This does not mean that there should be no protest on the book. In fact, the occasion of the book’s release was a great opportunity to expose the chicanery of those who killed the Mahatma, their politics of hate and upper caste bigotry. The supporters of a secular society should have used the occasion to build a public debate on the motivations of those who killed the Mahatma and who, when they did so, left us, a young nation, morally orphaned. This comes across in the article, by the renowned Odia poet Jayanta Mahapatra, titled “What Gandhi Means to me”, where he talks about the hush that fell across the nation when the news of his assassination was announced. From the description, one gets a sense of a people wondering who will guide them now. The campaigners against the book should have responded to the cunning of those who deliberately booked the hall on his death anniversary to release a book on Godse. They should have debated the philosophy of the Hindu Mahasabha and its campaign against Gandhi. Censorship was not the route to follow.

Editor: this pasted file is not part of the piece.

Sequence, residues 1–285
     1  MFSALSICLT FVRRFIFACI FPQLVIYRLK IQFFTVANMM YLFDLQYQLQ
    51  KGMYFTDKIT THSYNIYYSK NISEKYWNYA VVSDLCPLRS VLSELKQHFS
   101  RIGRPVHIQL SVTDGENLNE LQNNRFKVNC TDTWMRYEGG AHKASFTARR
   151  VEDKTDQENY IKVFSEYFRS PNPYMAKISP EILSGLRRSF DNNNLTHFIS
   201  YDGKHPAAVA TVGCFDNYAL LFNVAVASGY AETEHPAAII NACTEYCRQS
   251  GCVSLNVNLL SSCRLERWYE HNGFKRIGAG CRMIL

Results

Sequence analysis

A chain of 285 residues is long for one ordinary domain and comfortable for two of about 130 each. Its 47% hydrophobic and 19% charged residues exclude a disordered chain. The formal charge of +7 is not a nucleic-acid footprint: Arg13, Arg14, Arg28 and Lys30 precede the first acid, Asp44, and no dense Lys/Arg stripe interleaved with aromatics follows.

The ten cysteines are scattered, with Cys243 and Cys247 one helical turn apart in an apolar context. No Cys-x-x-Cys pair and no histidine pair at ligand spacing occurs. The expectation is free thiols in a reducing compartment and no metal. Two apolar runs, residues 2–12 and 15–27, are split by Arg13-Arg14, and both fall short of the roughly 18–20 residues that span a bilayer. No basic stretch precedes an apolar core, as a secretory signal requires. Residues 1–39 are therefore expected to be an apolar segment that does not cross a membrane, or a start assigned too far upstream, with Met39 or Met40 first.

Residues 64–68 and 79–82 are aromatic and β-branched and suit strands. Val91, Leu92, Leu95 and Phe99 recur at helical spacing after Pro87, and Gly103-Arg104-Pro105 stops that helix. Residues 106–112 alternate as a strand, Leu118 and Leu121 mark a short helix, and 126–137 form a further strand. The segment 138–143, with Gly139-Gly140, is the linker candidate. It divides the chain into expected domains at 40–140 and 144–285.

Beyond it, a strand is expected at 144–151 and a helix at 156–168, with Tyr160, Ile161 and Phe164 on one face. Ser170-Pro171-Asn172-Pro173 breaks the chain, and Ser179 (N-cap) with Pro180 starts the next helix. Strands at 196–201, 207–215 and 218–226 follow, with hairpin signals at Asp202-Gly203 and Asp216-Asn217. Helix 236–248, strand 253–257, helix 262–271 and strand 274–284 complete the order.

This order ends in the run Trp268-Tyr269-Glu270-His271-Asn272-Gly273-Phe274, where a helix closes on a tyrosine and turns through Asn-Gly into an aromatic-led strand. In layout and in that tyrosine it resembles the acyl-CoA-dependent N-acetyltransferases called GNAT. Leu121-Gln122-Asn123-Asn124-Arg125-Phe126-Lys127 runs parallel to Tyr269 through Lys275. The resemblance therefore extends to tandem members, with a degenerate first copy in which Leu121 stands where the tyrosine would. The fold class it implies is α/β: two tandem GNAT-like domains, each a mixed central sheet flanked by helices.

This exposure could have begun with the correspondence between Shyama Prasad Mookerjee, the founder of the Jan Sangh, and Sardar Patel, the Home Minister, on the question of the Mahatma’s assassination. Mookerjee wrote to the Sardar on May 4, 1948 expressing his belief that those “who are suspected of complicity in the outrage on Gandhiji will no doubt be put on trial”. (Note his use of the word “outrage” to describe the assassination). He was certain that Savarkar whose name was “being mentioned in this connection” would be given a fair hearing.